the little picture

Political discourse this campaign cycle is stuck in “big picture” rhetoric and I’m sick of it. The problems in this country will absolutely not be solved by a competition between “liberty” and “fairness”.

I recently saw a perfect example of this kind of argument, from the conservative point of view, on the topic of health care:

“According to the American ideal–we are independent individuals with inalienable rights to support our own lives and happiness by our own efforts. That means taking responsibility for your own medical needs, just as you take responsibility for your grocery shopping and car payments.”

This type of argument frames the debate as one of ideals: if you are in favor of national oversight and control over the health insurance industry, then you are against the ideal of freedom.

Unfortunately, I see my liberals fall into exactly the same trap. They respond by saying, “Do you really think it’s fair that a person’s life can be ruined by a single unexpected illness? Don’t you have feelings for the people whose lives will be helped by insurance reform?

Both of these arguments are rubbish.

Most people on both the “right” and the “left” agree that some things are completely private responsibility (e.g. your grocery bills) and some things are part of the “commons”: the shared resources that everyone pays into because everyone benefits from them (e.g. the military).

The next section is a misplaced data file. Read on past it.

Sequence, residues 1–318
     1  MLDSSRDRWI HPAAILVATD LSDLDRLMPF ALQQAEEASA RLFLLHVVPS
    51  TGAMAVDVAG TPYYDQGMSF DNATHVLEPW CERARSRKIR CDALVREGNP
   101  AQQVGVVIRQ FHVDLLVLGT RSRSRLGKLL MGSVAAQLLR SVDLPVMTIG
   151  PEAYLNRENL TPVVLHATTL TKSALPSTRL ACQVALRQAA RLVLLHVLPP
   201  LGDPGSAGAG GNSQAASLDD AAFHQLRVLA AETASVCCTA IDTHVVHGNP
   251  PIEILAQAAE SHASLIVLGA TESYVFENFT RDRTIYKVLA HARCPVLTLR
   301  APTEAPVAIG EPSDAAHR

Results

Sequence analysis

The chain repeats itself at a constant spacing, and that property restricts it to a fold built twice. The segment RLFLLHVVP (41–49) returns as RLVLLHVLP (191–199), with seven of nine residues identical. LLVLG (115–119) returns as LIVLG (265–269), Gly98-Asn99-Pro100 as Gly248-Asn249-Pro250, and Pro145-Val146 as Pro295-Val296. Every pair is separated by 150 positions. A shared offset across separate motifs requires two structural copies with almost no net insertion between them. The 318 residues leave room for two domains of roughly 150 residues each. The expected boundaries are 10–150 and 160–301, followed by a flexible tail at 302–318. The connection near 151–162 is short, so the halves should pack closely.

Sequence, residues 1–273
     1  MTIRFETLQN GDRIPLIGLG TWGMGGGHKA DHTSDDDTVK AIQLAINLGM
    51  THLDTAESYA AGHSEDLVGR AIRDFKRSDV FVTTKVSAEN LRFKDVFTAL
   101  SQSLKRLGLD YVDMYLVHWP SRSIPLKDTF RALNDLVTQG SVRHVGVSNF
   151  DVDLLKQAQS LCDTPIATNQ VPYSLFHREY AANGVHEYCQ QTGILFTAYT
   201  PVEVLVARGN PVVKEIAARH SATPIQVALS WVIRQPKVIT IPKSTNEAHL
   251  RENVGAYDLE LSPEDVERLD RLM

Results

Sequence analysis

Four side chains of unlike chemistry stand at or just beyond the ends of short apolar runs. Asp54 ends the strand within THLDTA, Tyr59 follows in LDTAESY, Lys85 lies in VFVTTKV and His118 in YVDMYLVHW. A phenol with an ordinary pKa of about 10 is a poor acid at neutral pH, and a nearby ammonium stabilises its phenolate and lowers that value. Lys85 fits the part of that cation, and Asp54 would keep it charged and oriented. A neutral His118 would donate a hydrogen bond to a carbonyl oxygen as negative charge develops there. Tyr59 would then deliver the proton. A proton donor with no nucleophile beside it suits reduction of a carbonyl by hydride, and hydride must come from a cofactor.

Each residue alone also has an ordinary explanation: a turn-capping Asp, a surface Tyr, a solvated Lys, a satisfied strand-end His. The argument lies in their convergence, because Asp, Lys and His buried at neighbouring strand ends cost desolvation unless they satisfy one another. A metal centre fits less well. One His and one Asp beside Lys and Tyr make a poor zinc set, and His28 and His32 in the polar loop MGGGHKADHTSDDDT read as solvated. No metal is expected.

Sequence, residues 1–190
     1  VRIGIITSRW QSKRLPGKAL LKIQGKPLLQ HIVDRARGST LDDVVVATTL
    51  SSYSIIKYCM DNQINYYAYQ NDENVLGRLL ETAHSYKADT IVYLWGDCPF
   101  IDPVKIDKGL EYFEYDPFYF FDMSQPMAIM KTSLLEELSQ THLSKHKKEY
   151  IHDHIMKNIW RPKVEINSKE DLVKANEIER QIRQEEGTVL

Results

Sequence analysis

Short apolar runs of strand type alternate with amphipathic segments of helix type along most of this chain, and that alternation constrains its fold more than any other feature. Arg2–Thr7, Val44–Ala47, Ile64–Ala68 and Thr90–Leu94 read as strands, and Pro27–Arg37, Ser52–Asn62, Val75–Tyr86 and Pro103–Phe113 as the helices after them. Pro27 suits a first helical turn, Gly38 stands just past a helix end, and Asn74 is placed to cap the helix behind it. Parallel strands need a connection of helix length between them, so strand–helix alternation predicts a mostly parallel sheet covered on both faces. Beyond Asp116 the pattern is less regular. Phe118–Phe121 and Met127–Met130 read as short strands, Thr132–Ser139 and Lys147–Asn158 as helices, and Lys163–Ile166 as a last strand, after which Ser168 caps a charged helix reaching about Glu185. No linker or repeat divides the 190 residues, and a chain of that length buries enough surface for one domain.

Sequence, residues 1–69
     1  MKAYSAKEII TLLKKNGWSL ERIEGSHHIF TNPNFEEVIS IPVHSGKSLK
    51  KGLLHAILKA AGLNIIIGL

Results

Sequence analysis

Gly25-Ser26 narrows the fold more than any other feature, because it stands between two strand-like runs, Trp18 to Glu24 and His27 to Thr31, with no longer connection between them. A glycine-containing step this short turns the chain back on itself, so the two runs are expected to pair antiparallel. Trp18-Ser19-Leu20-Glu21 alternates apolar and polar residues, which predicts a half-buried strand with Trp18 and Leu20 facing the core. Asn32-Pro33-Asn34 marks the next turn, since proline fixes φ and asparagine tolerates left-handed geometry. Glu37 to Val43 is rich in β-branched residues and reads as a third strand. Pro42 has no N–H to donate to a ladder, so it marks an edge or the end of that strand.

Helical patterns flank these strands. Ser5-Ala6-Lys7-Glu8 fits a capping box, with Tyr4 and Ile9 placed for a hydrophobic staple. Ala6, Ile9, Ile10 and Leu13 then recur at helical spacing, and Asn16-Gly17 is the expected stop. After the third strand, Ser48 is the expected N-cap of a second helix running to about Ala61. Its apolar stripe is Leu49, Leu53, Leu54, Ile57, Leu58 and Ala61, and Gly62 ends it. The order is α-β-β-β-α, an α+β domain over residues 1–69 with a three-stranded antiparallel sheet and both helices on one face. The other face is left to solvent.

The real question is simply where to “draw the line” between the two. Extreme conservatives think the ONLY thing that should be paid for by taxes is the military; extreme liberals think that housing, education, and medical care (and possibly even more) all belong in the “commons”. Most people are somewhere in between.

Where health care lies in this debate is a legitimately complicated area of concern. It’s not an “all or nothing” issue. Most liberals agree that it’s stupid for a person to be able to go in and demand a CAT scan for no good reason and have it paid for by taxes; and most conservatives agree that person who has been making monthly payments his entire life for health insurance shouldn’t be denied coverage AFTER THE FACT (with no refund of the monthly payments) once he needs it. And between those extremes lie a billion scenarios about which intelligent, rational people can disagree. Where to draw the lines: this is what we will have to figure out, over time, as a society.

But the devil is in the details. Despite what a lot of the politicians and pundits would like you to believe, the “health care debate” is not a debate between grandiose ideas and pure ideologies. The debate is a debate over the little picture… not the big one.